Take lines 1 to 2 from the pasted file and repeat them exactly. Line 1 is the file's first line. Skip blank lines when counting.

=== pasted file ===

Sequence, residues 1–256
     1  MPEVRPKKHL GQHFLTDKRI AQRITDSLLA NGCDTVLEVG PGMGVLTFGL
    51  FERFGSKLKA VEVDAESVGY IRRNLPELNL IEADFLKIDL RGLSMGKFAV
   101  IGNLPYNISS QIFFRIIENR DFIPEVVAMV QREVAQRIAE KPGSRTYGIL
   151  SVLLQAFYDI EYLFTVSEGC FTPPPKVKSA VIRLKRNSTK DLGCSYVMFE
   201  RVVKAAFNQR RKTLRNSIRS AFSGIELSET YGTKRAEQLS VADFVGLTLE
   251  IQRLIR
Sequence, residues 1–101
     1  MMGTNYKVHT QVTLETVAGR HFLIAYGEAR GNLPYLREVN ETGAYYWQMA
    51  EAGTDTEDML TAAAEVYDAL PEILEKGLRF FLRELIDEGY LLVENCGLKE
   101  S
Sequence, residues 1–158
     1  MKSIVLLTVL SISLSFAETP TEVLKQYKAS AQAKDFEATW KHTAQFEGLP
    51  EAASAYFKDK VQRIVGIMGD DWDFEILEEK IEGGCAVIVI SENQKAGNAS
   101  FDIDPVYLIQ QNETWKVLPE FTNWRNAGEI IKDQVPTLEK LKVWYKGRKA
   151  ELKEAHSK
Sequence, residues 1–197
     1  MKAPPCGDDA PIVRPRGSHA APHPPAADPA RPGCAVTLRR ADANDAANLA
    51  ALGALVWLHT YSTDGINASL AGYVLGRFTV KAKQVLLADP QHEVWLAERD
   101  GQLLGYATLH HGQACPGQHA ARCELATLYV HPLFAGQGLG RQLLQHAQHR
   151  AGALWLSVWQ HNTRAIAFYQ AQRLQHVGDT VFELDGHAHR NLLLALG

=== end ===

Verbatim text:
Sequence, residues 1–256
     1  MPEVRPKKHL GQHFLTDKRI AQRITDSLLA NGCDTVLEVG PGMGVLTFGL